With its reasonably good cinematography, gaudy yet immersive Technicolor palette, and a stirring soundtrack that pulses with the rhythm of the frontier, this reimagining of The Asphalt Jungle stands as a weird testament to the enduring legacy of Delmer Daves and the timeless allure of the Western genre and its lack of capaicty to be mashed up with noir. 

As the credits roll and the dust settles, one thing is certain — this is a journey that will linger in the pillows and sleepy minds of audiences for years to come, a testament to the power of cinema to transport us to worlds of wakeful movie-watching sleep.

Imagine, if you will, a realm where the sacred rites of cinematic expression unfold, where the whispers of creativity mingle with the tangible essence of artistry. Here, within the hallowed sanctum of celluloid wonder, a profound enigma casts its shadow over the illustrious domain of colour film noir—a gem of unparalleled artistic endeavour, veiled in uncertainty and shrouded in mystery.

Widescreen filler Kent Smith in The Badlanders (1958)

In this enchanted realm, the actors—those valiant knights of the silver screen — find themselves burdened by an unspoken dread, as if shackled by the weight of expectation. Their movements are hesitant, their expressions veiled in a cloak of reticence, as they tiptoe on the precipice of artistic endeavour, wary of squandering their creative energies in a realm rife with perilous extravagance.

A palpable inertia pervades their performances, a haunting stillness that lingers like a ghostly fog, obscuring the vibrant potential that lies just beyond their reach. One cannot help but sense a poignant hesitancy, a reluctance to fully embrace the boundless expanse of the canvas before them—a canvas awash with the radiant hues of colour film, beckoning them to unleash their passions with unrestrained fervour.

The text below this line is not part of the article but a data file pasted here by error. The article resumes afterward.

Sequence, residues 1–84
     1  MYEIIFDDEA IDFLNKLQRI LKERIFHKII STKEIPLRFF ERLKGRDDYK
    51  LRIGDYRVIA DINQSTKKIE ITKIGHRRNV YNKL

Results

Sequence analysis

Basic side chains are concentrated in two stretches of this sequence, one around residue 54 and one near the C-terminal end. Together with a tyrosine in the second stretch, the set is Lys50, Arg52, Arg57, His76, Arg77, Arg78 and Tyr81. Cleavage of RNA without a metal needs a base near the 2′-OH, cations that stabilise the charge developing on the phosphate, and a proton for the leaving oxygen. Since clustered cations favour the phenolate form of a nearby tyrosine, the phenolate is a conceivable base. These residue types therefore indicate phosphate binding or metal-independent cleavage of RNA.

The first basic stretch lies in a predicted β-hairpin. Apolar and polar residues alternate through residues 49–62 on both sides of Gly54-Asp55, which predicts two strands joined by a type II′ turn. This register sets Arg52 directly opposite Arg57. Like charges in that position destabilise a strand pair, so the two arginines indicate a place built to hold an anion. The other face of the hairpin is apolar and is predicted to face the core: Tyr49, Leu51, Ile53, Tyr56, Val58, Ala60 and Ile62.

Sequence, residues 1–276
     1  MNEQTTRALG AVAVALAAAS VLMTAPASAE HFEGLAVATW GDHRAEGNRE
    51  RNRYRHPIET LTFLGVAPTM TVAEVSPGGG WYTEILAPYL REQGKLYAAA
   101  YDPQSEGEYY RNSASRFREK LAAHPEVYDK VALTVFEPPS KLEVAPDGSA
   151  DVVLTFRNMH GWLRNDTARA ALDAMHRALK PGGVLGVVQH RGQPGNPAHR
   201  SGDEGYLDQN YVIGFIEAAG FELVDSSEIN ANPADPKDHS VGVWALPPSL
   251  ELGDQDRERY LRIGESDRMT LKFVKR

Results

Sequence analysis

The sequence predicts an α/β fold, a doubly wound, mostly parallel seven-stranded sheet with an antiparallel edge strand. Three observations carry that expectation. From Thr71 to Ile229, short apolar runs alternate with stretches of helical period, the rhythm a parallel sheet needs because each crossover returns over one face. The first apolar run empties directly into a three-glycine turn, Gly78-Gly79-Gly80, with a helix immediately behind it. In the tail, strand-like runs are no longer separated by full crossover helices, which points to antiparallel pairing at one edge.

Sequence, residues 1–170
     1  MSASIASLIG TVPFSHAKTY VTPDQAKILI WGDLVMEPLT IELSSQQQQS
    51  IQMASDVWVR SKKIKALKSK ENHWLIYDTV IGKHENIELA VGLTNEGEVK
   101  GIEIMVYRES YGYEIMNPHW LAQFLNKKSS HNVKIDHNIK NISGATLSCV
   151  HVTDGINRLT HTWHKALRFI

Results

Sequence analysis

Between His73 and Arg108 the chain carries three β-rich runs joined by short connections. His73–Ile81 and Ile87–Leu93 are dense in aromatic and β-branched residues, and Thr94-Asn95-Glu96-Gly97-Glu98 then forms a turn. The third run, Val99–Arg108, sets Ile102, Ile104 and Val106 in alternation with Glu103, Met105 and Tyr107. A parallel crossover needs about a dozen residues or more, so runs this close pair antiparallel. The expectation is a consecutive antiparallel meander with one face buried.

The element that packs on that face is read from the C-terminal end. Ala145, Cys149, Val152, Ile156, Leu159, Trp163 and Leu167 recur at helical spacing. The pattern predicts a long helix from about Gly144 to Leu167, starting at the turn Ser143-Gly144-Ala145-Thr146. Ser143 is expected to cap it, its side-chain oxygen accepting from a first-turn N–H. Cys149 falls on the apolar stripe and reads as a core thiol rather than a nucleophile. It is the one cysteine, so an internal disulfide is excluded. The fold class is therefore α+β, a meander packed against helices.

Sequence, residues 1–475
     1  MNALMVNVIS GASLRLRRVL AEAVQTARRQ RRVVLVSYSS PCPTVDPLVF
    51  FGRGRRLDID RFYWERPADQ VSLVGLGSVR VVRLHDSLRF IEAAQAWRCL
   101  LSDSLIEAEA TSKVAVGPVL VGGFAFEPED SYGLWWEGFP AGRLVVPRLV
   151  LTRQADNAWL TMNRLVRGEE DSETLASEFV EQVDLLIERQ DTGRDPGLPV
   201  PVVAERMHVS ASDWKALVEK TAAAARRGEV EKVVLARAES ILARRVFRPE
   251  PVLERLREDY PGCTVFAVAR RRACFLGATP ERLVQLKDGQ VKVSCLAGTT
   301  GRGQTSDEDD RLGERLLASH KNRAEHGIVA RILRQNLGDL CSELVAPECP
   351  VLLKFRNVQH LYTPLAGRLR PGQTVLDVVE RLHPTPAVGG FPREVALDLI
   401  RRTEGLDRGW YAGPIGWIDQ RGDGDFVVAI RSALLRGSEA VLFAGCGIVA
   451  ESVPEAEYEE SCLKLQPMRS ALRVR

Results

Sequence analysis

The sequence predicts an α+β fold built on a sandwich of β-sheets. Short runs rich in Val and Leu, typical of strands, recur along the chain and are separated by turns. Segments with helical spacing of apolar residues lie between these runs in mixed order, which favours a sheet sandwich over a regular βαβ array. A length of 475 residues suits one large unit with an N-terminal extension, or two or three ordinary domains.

Yet, amidst this conundrum lies the heart of the matter—the quintessence of film noir ensnared in a web of contradiction. The wide-screen panorama of artistic possibility stands in stark contrast to the intimate confines of the noir aesthetic—a world cloaked in shadows, where every whisper portends impending doom.

Marvel at the irony that pervades this discordant symphony, as fate conspires to trap film noir in a labyrinth of its own making. The monochromatic elegance of yesteryear, once a bastion of purity, now fades into obscurity, overshadowed by the radiant brilliance of modernity's technicolor tapestry.

And yet, amidst this turmoil, a yearning persists—a longing for the simplicity and grace of a bygone era, when shadows danced upon the silver screen with an allure unmatched by contemporary fare. It is a nostalgia that tugs at the heartstrings, a wistful remembrance of a time when creativity knew no bounds, and artistry flowed like a river of endless possibility.

The chief problem with it is not the direction, however, or even the acting. It’s the plodding writing (HUAC victim Richard Collins, using the original WR Burnett novel). The different strands of the narrative remain unintegrated, as it were. It is bitty and messy. Nothing surprising happens and the few attempts at laughs are flops. “Unless you want to see your own gravestone on your way to hell, you’ll be on the next stage. Now that leaves here tomorrow at sundown.” That’s about as near to “There’s a stage leaving at noon. Be on it” as you can get without being laughed out of town. Still, Daves was certainly a noted Western director and the movie had a couple of big stars to accompany Ladd: Ernest Borgnine (returning from Daves’s Jubal) and the great Katy Jurado, probably best remembered, at least by Western fans, for High Noon.

In this epic struggle of tradition versus innovation, old confronts new upon the canvas of history — a testament to the enduring power of artistic expression in the face of adversity and change. It is a battle waged with courage and conviction, as the soul of cinema stands at the crossroads of past and present, awaiting its fate amidst the tumultuous tide of progress.

Noir loses but so does the Western genre. From its slow slow setup to its unexpected shifts in tone and theme, the film deftly plods the labyrinth of human experience without even attempting much in the way of grace nor finesse.

At the heart of the narrative lies the intricate dance between Alan Ladd's enigmatic "Dutchman" and Ernest Borgnine's formidable counterpart, their tumultuous relationship laid bare in the opening scene — a volatile mix of animosity and mutual disdain that belies the deep-rooted connection simmering beneath the surface. United by circumstance and bound by fate, their journey takes them from the confines of prison to the depths of a mine, where they must confront the ghosts of their past and forge an unlikely alliance in the face of adversity.